Do you remember the first fish you caught? I maintain that just as us older folk can vividly recall what we were doing when we first heard that John F. Kennedy had been assassinated, so too can we anglers vividly recall our first catch. At first glance, the bluegill I landed with a cane pole on a Midwestern lake might seem like a hoary cliché — you know, all-American barefoot boy with cheek, and all that. In fact, I maintain that the seemingly humble tale of my first catch dwells in the realm of the authentically iconic. Let’s see if I can explain.
I was fishing with my father, who was squatting precariously beside me on one of the steep, eroded banks characteristic of Stonelick Lake, a southwestern Ohio frog and turtle factory with a modest brown-sand beach, a smattering of largemouth bass and a teeming population of four-to-eight-inch bluegills.
Dad was a golfer, not a fisherman, yet, there he was, sharing my frustration as some invisible creature at the edge of a weed bed about eight feet from the shore methodically worked its way through the two dozen red worms dad and I had purchased at One-Armed Jack’s Bait Shop. (That place really existed, located inexplicably on the corner of Hunter Ave. and Ross St. in good old Norwood, Ohio — the closest body of water was Duck Creek.)
Anyway, I would fling out my bait, and before the ripples subsided, the red-and-white, quarter-sized bobber would commence its merry dance, sometimes skittering across the placid water, occasionally even going completely under. When the bobber did go under, I would count to three or five, even to seven or nine, before attempting to set the hook.
Sometimes the bobber would go under and move at a steady clip toward deeper water (sort of like that scene with the barrels in the film, Jaws. Even then, convinced that the fish surely would have swallowed the hook. I would set the hook
In either case, all I would have to show for my efforts would be a miniscule particle of what was once a robust and succulent annelid.
“This is the last one, dad announced, handing me a worm. It seemed oddly passive. Perhaps it was succumbing to the heat of an already hot, summer day. Figuring that its career as an enticing wriggler was likely over, I decided to run the hook through its “head” and then string the hook down through its body until the barb emerged from its tail. I’m not sure which prayer I uttered as I cast my last, best hope into the lake, but it must have been to the liking of the Big Boss up there, because, man, was that prayer answered! My bobber floated undisturbed for nearly a minute (probably the length of time the bait thief needed to process the unorthodox presentation) before going under in convincing fashion. I responded with a gentle flick of the wrist and actually felt resistance! At that point, in a near delirium, I yanked mightily, and watched as a hand-sized bluegill sailed up, over and behind me.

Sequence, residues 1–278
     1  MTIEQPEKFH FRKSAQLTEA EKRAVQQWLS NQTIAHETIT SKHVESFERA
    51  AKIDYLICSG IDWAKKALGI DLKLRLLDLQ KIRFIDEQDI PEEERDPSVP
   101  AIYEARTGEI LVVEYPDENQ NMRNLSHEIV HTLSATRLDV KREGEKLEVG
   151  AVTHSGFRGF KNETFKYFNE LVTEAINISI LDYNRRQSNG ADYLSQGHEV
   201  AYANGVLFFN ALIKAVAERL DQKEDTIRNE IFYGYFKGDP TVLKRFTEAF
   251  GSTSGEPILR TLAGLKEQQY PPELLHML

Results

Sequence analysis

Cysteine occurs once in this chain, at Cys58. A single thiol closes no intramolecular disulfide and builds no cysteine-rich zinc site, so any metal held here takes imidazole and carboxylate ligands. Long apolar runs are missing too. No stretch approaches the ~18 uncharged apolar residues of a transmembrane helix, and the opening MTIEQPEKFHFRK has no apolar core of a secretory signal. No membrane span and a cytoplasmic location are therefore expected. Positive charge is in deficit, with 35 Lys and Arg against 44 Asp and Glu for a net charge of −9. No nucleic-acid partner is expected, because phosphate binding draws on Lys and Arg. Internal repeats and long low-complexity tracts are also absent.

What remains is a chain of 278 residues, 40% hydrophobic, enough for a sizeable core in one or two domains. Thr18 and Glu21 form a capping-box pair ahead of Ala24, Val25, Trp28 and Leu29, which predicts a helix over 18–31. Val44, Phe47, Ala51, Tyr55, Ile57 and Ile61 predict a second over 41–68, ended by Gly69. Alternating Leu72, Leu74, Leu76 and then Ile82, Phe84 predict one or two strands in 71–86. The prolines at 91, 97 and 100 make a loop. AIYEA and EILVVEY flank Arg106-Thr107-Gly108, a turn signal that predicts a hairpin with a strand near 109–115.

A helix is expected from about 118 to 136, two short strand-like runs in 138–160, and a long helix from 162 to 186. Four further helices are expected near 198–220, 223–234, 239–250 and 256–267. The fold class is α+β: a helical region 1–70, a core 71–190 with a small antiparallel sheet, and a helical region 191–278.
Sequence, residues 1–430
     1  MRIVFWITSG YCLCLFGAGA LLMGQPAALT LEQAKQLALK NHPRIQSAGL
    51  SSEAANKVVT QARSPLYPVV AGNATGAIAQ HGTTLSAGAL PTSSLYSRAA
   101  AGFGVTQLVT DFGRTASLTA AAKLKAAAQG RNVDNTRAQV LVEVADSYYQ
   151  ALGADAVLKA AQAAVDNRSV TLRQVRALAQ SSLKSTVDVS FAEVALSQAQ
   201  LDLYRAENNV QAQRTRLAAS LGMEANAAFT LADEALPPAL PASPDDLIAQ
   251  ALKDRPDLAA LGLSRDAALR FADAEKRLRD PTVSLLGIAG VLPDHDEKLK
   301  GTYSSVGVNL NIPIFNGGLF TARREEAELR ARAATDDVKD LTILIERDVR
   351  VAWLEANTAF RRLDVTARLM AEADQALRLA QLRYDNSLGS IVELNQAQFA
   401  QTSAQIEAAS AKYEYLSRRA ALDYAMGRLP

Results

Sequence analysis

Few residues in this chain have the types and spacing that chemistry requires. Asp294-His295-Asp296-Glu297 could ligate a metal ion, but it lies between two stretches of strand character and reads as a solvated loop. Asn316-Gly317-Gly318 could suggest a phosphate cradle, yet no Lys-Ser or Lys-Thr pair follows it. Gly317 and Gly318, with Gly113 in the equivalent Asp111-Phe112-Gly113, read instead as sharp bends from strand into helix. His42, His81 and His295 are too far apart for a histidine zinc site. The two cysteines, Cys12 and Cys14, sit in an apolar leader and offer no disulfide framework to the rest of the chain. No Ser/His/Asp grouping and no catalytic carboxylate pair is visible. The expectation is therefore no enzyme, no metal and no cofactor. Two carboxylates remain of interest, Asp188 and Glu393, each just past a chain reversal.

“Don’t let it get away!” I hollered at dad as he tried to get to his feet. (As it turned out, he had to deal simultaneously with a hysterical ll year old and one whale of a Charlie horse.) “Watch out for his spines!” I added.
Dad actually managed to unhook the bluegill without punishment. “See, he explained, “You make a little circle around his head, and then you slide your hand down his body until you get a good grip.”
“Wow,” I sort of whispered.
“That way, the spines stay folded along his back.”
I was impressed. “How do you know that?” I asked.
“Intuition, I guess.”
“I know that word,” I ventured. “What exactly does it mean again?”
“It’s looking at something or hearing something, maybe even smelling something, and then something in your gut tells you what you need to know about it.” While I pondered what the heck he was talking about, he added, “Intuition’s usually accurate, but sometimes it can fool you.”
(By inserting the “discourse on intuition” episode into my posting, I realize that not only am I hindering its narrative flow, but that I’m even further mucking up the flow by the very act of calling attention to it. However, given the pivotal role intuition will play both on me and on others in some of my future postings, I can only say, you’ve been warned!)
I could barely make out mom and my siblings cavorting on the beach directly across the lake, so, naturally I began screaming, “I caught one! I caught one!” I actually thought I may have caught the attention, either of mom or of one of the other equally indistinguishable women. But dad suggested we might want to drive back over so they could marvel at my catch close up.